* ICBC restricts trade with Alipay to one branch
* Could hit Alipay's revenues from interest
* Latest in Chinese crackdown on online payments
By Paul Carsten and Heng Xie
BEIJING, March 25 Industrial and Commercial Bank
of China Ltd (ICBC) will restrict trade with Alibaba's online
payment arm to one branch, the bank said on Tuesday, in the
country's latest crackdown on a nascent online finance industry.
Alibaba Group Holding Ltd's payment arm,
Alipay, previously had contracts with numerous branches of ICBC
for negotiated corporate deposits, and could place
deposits with the branch offering the highest yield.
Tuesday's move means ICBC branches will no longer compete to
offer high yields on Alipay's deposits, hitting the online
payment business's revenues from interest, and potentially
setting a precedent for other banks to follow.
The clash between entrenched interests in China's
traditional finance sector and its internet companies has
escalated in recent weeks, with banks imposing limits on how
much their customers can transfer to online finance services and
the authorities looking into potentially heavy regulation.
Though small, online and mobile payment transactions in
China have been growing rapidly. The online payment market last
year grew 47 percent to 5.37 trillion yuan ($869.20 billion) in
transactions, according to Beijing-based consultancy iResearch.
Most of the concern about online finance, according to
regulators such as the People's Bank of China (PBOC) and
commercial banks, revolves around the security of payments made
by virtual credit cards and smartphones and risks relating to
money laundering and customer information security, as well as
the wider financial system.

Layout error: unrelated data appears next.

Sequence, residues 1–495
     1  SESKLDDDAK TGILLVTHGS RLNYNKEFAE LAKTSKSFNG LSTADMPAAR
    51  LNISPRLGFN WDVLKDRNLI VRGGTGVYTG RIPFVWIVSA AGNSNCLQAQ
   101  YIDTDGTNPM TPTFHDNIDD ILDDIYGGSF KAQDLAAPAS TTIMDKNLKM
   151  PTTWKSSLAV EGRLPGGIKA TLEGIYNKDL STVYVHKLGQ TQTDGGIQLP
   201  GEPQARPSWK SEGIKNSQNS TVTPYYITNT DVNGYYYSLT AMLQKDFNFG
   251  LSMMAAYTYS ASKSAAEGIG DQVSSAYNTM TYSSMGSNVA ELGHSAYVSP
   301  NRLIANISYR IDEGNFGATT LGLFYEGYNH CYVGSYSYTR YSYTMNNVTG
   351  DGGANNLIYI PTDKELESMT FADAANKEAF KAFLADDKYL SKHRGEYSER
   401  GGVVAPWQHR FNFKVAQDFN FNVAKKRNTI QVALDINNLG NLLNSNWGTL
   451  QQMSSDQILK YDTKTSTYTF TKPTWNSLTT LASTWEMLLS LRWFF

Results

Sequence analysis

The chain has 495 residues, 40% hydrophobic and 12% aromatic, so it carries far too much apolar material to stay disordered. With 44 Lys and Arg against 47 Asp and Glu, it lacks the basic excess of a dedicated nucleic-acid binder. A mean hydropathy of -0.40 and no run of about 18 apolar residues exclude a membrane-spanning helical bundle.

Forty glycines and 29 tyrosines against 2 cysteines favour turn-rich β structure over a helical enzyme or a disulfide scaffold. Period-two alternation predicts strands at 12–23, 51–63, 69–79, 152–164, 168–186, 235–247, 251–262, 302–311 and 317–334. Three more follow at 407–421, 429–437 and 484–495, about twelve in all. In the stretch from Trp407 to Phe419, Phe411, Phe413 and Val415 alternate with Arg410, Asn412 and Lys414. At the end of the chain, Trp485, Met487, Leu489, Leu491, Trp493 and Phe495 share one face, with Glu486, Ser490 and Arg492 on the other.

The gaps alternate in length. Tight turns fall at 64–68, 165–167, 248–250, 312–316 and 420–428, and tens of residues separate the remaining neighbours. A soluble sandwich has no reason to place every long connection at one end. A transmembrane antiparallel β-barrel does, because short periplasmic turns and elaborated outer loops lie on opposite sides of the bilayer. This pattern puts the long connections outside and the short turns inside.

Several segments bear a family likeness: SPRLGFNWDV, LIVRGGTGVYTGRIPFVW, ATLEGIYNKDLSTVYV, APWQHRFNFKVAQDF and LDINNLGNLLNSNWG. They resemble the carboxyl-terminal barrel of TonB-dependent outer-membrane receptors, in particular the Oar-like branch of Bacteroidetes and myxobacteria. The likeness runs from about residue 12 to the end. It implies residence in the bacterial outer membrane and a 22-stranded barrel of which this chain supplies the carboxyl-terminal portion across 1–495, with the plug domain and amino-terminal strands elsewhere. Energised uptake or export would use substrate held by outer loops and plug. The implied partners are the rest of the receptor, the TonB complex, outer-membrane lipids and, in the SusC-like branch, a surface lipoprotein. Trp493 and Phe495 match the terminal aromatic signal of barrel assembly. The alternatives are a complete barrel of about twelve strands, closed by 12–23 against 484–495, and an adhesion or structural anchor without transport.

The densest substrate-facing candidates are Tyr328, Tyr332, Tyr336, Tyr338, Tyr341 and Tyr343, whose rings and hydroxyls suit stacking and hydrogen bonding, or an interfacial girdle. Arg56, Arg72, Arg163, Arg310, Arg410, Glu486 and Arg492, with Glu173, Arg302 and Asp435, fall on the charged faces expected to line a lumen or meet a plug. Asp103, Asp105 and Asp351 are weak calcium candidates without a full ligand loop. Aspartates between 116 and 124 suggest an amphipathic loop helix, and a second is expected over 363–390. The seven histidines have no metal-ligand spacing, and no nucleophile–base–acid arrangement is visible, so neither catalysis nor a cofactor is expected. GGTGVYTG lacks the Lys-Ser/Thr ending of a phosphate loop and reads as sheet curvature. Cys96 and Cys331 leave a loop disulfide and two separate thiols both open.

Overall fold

Other services have drawn the ire of banks, particularly the
internet companies' wealth management products that have taken
the Chinese public by storm and analysts say are contributing to
interest rate liberalisation in China.
The payment systems of Alibaba and rival Tencent Holdings
Ltd's could also hit state-owned China UnionPay, the
country's monopolistic credit card provider.
"The market doesn't fear competition, it fears injustice,"
Alibaba founder Jack Ma wrote online on Sunday after banks set
harsh new limits on how much their customers could transfer from
their accounts into Alipay.
"It's not the monopolies and powers that determine success
in the market, it's the consumer," wrote Ma.
Banks, including ICBC, Bank of China Ltd,
Agricultural Bank of China Ltd and China
Construction Bank Corp, have restricted how much
their customers can spend on Alibaba's and Tencent's online
Wealth management products, offered by Alipay, Tencent and
Baidu Inc, can offer almost double the interest rate
that China's traditional banks give depositors.
Regulators including the PBOC, China's central bank, are now
discussing draft regulations to govern the Internet banking
industry in China, including their own limits on how much people
can spend on individual purchases and transactions between bank
accounts and online finance services.
Alipay and Tencent declined to comment but last week said
they would work with regulators to help draw up new rules for
internet banking. Baidu also declined to comment. Earlier this
month Chief Executive Robin Li said online finance required
The current PBOC draft regulations would impose draconian
limits on how much money can be transferred to wealth management
products like Alibaba's Yu'e Bao, China's 21st Century Business
Herald reported this month.
These restrictions could prove fatal to online wealth
management services, and a heavy blow to Internet firms'
financial ambitions, the report said.
In August, Chinese media reported that Alipay halted its
offline point of sales service for small companies. The move
came after UnionPay put pressure on Alipay to route the service
through UnionPay's system so it could increase its commission
earnings on transactions.
Tencent and Alibaba said this month they were also applying
for licences from the bank regulator to participate in a trial
plan for privately-owned banks.
(Additional reporting by Bi Xiaowen in HONG KONG and Gabriel
Wildau in SHANGHAI; Editing by Mark Potter)